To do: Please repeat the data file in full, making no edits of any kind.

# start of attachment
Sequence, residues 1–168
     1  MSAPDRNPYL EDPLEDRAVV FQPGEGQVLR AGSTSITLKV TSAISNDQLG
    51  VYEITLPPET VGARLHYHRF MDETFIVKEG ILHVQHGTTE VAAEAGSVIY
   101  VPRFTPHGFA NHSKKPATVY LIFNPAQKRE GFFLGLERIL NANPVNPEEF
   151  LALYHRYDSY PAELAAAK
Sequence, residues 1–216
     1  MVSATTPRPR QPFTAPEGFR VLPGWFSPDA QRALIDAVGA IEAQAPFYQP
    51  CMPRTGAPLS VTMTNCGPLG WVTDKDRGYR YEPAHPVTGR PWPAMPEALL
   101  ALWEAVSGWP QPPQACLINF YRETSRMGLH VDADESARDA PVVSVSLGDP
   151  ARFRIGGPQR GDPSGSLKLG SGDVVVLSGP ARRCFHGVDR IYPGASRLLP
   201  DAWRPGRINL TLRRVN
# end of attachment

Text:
Sequence, residues 1–168
     1  MSAPDRNPYL EDPLEDRAVV FQPGEGQVLR AGSTSITLKV TSAISNDQLG
    51  VYEITLPPET VGARLHYHRF MDETFIVKEG ILHVQHGTTE VAAEAGSVIY
   101  VPRFTPHGFA NHSKKPATVY LIFNPAQKRE GFFLGLERIL NANPVNPEEF
   151  LALYHRYDSY PAELAAAK
Sequence, residues 1–216
     1  MVSATTPRPR QPFTAPEGFR VLPGWFSPDA QRALIDAVGA IEAQAPFYQP
    51  CMPRTGAPLS VTMTNCGPLG WVTDKDRGYR YEPAHPVTGR PWPAMPEALL
   101  ALWEAVSGWP QPPQACLINF YRETSRMGLH VDADESARDA PVVSVSLGDP
   151  ARFRIGGPQR GDPSGSLKLG SGDVVVLSGP ARRCFHGVDR IYPGASRLLP
   201  DAWRPGRINL TLRRVN